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By Marie Dipple on June 25, 2019
Monday madness set in a little on the Manton Bay nest as the chicks get bigger and bigger, their wings are getting restless and the space is dwindling for them to move around!
The chicks had many good feeds yesterday, including a feed where the chicks look like they’re dropping an awful lot of it or being fussy as Maya tears off chunks for them.
The weather was rather humid yesterday, and we saw the chicks gathered at the edges of the nest in an attempt to keep as far away from each other as possible. You can see their tongues as they pant to cool off.
And when the chicks were expecting another feed in the afternoon, they had a rather clumsy surprise from Maya dropping a stick on 055’s head. Her son wasn’t impressed and took the stick completely off his mother and tried to rearrange it better on the nest.. we’re starting to see hints of the inner architect emerge! She quickly wrestled the stick back and moved it around until she was happy.
The chicks experienced a wetter day today but have waterproofing on their feathers now so can withstand the cold a little easier. They are 6 weeks old now and it won’t be long before they start to fledge!
By Rebecca Pitman on June 22, 2019
When the Rutland osprey chicks are ringed, the trained staff seize the opportunity to take measurements of the birds and weigh them while they are in the hand. This furthers our understanding of osprey ecology and helps indicate the sex of the birds.
As well as being heavier than males, females are generally the chunkier of the sexes. Females tend to have thicker bills, legs and larger heads and this is usually noticeable as early as around five weeks old when the chicks are ringed. It is worth remembering, however, that the female chick 057 is by far the youngest of the brood (having hatched six days later than the first two chicks and four days after the third), therefore the sexual dimorphism usually seen in ospreys isn’t so marked and some of her biometrics are actually a little smaller than her male siblings.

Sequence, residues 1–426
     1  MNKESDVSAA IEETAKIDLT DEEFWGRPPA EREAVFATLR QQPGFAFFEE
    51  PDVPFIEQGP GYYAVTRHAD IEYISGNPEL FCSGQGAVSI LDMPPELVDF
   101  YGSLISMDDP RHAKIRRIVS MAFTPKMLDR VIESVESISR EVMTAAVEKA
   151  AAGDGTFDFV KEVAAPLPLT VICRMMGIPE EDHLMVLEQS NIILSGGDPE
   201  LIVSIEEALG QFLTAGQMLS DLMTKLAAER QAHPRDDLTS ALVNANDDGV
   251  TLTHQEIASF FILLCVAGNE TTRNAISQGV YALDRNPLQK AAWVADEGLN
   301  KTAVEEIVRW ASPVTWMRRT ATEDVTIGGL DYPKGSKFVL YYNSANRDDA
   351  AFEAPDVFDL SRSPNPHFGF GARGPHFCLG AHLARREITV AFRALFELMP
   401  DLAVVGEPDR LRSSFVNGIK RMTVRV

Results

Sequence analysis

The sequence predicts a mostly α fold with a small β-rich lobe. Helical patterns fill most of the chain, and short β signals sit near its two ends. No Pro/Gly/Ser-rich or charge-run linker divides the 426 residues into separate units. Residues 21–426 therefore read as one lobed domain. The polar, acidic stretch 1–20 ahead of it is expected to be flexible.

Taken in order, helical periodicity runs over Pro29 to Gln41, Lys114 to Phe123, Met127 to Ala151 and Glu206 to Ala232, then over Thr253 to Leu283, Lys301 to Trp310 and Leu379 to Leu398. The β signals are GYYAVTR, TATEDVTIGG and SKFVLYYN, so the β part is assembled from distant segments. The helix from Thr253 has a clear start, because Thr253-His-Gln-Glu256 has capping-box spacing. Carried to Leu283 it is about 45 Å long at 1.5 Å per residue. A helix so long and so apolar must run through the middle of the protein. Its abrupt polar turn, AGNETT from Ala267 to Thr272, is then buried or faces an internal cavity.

Biometric measurements of Manton Bay chicks 21-06-2019
|BTO ring no.||Colour ring no.||Sex||Bill to cere (mm)||Bill depth (mm)||Head inc. bill (mm)||Tarsus length (mm)||Tarsus thickness (mm)||Wing length (mm)||Weight (g)|
The ringing of the osprey chicks is conducted as quietly and efficiently as possible by our trained ringer, in order to keep stress to the osprey chicks and the adult birds (as well as Wildlife Trust staff undertaking the work) to a minimum. The welfare of the birds comes first and is prioritised above all else.
By Katy Smart on June 21, 2019
Early this morning Lloyd our field officer and other staff members set out for the Manton Bay nest. The mission was to ring our fantastic four! All chicks were adorned with a grey BTO ring, and a blue coloured ring. By attaching rings to the birds we are able to gain information on their whereabouts, their age and where they hatched from.
We now have the latest Osprey additions: 054, 055, 056 and 057! Of the four chicks, two are female (now with ring 054 and 057) and two males (ring 055 and 056). 054 being the first to hatch and 057 being the fourth chick to hatch.
They are all healthy and we look forward to seeing them take their first flight in the next few weeks!
By Marie Dipple on June 20, 2019
The Manton Bay nest really is starting to fill up now the chicks are heading into their 5th week, and we can really start to see some of that fantastic helicoptering behaviour going on, as well as Maya and 33 both working hard to keep the chicks well fed, and even some mantling behaviour due to a couple of intruding Ospreys.
Early this morning, as it is now getting light at 4.30am, the chicks were up and moving around the nest, basically pushing Maya out of bed to go and fish for their breakfast. There was a lot of excitement in the nest when she brought back a roach for them. The two older chicks gathered at the front of the nest to warm up for their brekfast, exercising their flight muscles and clearing out their digestive system before sitting down to their meal!
Whilst the feeding was underway, 33 arrived with another fish at the edge of the nest, took one look at the chaotic breakfast affair, and decided to go and eat the fish elsewhere in peace!
As the chicks rolled around the nest after their feed, Maya took off to give her and the chicks a little breathing space. She returned a little while later with more nesting material: a rather large stick which she crow-barred into the nest, taking no care of which chicks she bumped on the head as she arranged it to her liking! Thanks mom!
it’s a lovely bright day here at Lyndon finally, and with any luck we’ll see some more fish brought into the nest and the chicks practicing their helicoptering skills more and more!
By Marie Dipple on June 19, 2019
The June deluge has been tough on our Osprey parents and babies, and they have been hunkered down against the elements which have been ruffling feathers and making it incredibly difficult for the chicks to stand.. actually they’re not very good at it normally anyway!
This afternoon, we were lucky enough to see 33 and Maya both feeding the chicks at the same time. This is particularly good news for the growth of our chicks, as there are a lot of them crammed up on that nest, and Maya needs all the help she can get to ensure the chicks are fed well.